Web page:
However, Andrews cautioned that they have only processed about 500 samples. So, once more are analyzed, they will have a better way to predict how much of the known variants are circulating in the patient and University population.

A third of the COVID-19 positive samples are also taken for genetic sequencing, a more labor-intensive operation done at the Onco-Genomics Shared Resource lab at Sylvester. Led by Sion Williams, a research assistant professor in the Miller School’s Department of Neurology, the team of scientists is sequencing about 50 to 60 samples per week. This process takes five days because it includes generating data from each sample and feeding it into a global public database to determine whether that sample has a similar lineage to known variants or is an entirely new one. Anthony Griswold from the Miller School’s Department of Human Genetics is also working on accelerating this process so that analysis can be done on campus. Despite the complexity, Nimer, Andrews, and Williams know that sequencing is a critical part of the effort to combat COVID-19.

While they have only sequenced samples from hospital patients, they have found three samples of the Brazilian variant since they began—two in the past week, as well as some other rare variants of COVID-19 from New York, Saudi Arabia, Aruba, and Israel. Williams believes it is vital to do more sequencing because local variants may emerge, with unique characteristics that health care professionals could be alerted about ahead of time.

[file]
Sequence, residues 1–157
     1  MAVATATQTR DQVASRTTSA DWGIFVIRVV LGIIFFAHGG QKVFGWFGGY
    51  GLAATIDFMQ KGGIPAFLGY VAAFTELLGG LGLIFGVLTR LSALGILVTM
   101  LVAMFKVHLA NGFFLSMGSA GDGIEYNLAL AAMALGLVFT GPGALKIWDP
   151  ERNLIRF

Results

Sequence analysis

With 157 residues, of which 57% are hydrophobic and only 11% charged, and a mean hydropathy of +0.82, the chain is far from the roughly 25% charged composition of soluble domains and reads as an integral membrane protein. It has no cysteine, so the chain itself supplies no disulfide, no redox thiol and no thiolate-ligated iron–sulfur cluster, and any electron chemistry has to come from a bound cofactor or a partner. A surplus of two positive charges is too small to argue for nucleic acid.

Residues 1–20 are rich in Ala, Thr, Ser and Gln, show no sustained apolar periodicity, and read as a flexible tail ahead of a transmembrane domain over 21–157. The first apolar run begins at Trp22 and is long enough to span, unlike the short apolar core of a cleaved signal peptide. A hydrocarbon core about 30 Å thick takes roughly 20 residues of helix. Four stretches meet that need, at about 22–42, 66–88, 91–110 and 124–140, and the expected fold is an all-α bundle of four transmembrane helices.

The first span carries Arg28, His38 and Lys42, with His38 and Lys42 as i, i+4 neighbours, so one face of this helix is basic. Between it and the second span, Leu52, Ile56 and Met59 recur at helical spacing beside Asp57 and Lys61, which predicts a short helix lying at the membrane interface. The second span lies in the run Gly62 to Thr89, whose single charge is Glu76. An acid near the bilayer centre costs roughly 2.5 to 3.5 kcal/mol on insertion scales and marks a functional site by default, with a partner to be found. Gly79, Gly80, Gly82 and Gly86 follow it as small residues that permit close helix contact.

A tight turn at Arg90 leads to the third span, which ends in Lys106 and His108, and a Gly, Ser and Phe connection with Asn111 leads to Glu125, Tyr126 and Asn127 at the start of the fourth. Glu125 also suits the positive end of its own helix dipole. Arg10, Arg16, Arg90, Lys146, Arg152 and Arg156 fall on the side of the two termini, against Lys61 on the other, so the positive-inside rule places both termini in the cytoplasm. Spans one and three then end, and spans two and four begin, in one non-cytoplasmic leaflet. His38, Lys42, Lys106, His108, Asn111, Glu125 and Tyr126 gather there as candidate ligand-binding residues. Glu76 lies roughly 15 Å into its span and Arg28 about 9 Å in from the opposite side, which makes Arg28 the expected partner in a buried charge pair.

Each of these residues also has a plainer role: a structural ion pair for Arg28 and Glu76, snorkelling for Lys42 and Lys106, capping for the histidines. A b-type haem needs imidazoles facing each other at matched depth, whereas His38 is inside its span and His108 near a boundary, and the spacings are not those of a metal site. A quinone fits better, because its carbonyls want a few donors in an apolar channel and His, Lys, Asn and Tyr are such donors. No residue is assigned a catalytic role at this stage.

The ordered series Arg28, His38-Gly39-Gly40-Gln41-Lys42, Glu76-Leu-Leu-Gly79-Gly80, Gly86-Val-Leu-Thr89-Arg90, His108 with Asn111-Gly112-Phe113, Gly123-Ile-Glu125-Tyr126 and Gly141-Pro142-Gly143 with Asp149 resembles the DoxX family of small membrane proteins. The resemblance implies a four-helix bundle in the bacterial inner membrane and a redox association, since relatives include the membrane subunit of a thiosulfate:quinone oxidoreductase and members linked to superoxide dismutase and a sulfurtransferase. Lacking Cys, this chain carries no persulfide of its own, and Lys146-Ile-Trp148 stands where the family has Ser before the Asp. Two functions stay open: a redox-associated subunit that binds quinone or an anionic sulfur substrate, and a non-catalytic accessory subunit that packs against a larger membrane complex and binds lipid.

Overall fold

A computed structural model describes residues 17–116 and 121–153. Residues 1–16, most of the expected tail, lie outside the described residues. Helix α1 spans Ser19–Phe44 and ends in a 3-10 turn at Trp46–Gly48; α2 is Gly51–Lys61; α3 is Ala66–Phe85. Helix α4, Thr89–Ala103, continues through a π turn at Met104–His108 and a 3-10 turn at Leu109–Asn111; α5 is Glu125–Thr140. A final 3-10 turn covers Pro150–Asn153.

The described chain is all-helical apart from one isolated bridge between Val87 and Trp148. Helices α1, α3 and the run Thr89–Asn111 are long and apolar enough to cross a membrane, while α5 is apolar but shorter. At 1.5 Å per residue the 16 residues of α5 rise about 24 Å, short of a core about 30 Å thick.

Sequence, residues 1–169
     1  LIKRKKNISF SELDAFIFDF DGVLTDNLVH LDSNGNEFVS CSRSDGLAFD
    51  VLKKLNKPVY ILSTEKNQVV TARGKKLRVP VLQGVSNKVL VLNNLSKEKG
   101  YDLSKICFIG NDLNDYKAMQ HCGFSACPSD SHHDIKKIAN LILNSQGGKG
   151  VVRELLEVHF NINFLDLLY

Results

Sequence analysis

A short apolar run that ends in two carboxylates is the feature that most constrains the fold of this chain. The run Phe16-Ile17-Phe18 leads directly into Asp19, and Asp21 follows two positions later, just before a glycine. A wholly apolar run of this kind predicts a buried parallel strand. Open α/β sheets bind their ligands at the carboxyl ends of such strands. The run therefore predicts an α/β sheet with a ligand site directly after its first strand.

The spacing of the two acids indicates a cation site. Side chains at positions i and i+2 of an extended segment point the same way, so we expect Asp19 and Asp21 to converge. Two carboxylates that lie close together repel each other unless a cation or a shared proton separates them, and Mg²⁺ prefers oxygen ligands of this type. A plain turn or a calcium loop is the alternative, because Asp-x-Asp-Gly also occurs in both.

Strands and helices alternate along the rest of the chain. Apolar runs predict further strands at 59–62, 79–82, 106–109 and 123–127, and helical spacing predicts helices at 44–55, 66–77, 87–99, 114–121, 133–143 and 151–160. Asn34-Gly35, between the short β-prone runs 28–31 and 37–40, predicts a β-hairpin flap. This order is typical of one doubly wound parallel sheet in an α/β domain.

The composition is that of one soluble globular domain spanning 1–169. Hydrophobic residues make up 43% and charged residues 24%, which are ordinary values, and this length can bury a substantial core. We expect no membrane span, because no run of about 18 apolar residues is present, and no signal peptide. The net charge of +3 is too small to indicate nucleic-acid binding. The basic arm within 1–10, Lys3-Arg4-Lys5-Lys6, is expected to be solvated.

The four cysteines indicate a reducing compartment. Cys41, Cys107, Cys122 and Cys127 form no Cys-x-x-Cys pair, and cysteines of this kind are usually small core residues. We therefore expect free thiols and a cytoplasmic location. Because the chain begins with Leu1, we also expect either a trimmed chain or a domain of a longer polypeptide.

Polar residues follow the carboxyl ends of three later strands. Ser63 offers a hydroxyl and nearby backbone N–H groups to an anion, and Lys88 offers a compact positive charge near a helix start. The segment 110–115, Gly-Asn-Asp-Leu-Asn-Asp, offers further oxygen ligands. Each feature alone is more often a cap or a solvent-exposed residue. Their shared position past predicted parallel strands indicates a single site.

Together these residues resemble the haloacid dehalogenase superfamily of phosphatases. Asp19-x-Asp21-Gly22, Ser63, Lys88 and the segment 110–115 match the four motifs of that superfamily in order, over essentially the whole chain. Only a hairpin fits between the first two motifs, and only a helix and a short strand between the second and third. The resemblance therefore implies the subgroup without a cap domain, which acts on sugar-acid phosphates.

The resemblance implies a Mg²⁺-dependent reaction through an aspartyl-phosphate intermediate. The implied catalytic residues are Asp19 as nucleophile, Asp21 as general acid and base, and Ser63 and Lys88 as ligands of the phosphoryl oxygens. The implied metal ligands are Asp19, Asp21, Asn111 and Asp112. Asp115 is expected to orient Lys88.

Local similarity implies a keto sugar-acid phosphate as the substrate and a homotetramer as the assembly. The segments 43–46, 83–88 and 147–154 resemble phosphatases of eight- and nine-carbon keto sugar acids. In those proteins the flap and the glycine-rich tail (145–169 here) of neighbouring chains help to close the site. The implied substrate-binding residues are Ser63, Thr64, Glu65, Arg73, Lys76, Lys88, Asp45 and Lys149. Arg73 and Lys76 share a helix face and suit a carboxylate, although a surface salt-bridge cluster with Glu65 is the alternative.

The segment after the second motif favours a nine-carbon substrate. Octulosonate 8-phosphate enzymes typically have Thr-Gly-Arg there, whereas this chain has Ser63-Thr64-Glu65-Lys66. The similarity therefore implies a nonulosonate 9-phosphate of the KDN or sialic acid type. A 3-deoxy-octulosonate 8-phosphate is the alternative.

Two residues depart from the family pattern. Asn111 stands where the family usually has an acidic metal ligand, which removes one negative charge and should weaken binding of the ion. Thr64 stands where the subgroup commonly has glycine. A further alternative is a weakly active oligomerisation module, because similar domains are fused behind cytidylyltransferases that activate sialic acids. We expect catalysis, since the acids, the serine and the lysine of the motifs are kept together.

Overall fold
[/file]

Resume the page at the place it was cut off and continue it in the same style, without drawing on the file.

“We have very quickly seen the value of doing this because we have seen there are strains we need to watch in our community,” said Williams, a molecular biologist whose lab also provides genomic services for the Center for AIDS Research at the University. “The public data being generated in America on viral strains was pitifully low. But as a nation we can’t see what’s going on until people sequence and share their samples.”

With time, Andrews said he is hoping to expand the initiative, and is utilizing the expertise of faculty members and labs in the Department of Human Genetics and at the University’s John P. Hussman Institute for Human Genomics for more sequencing firepower. Williams pointed out that the University’s effort could help inform South Florida government leaders about strains of concern locally, as well as whether they are seeing a new variant that could contribute to another surge. Sequencing data could also help leaders know when more restrictions may be needed, as well as whether expanded variant testing is necessary.